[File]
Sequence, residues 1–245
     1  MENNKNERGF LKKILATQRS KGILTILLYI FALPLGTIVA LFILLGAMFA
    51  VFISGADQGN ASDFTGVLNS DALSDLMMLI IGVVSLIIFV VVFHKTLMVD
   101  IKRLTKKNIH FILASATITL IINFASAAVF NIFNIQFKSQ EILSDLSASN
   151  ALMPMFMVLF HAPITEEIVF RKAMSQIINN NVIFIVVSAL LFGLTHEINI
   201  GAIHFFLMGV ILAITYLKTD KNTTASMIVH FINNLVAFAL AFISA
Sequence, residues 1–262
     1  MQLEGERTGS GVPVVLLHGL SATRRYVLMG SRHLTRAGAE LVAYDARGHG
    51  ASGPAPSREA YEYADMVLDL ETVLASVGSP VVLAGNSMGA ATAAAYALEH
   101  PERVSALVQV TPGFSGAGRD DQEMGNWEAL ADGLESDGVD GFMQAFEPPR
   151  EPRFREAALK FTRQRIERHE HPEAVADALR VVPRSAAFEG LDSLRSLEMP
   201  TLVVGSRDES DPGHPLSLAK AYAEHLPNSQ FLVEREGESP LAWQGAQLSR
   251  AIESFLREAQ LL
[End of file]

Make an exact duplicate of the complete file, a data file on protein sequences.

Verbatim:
Sequence, residues 1–245
     1  MENNKNERGF LKKILATQRS KGILTILLYI FALPLGTIVA LFILLGAMFA
    51  VFISGADQGN ASDFTGVLNS DALSDLMMLI IGVVSLIIFV VVFHKTLMVD
   101  IKRLTKKNIH FILASATITL IINFASAAVF NIFNIQFKSQ EILSDLSASN
   151  ALMPMFMVLF HAPITEEIVF RKAMSQIINN NVIFIVVSAL LFGLTHEINI
   201  GAIHFFLMGV ILAITYLKTD KNTTASMIVH FINNLVAFAL AFISA
Sequence, residues 1–262
     1  MQLEGERTGS GVPVVLLHGL SATRRYVLMG SRHLTRAGAE LVAYDARGHG
    51  ASGPAPSREA YEYADMVLDL ETVLASVGSP VVLAGNSMGA ATAAAYALEH
   101  PERVSALVQV TPGFSGAGRD DQEMGNWEAL ADGLESDGVD GFMQAFEPPR
   151  EPRFREAALK FTRQRIERHE HPEAVADALR VVPRSAAFEG LDSLRSLEMP
   201  TLVVGSRDES DPGHPLSLAK AYAEHLPNSQ FLVEREGESP LAWQGAQLSR
   251  AIESFLREAQ LL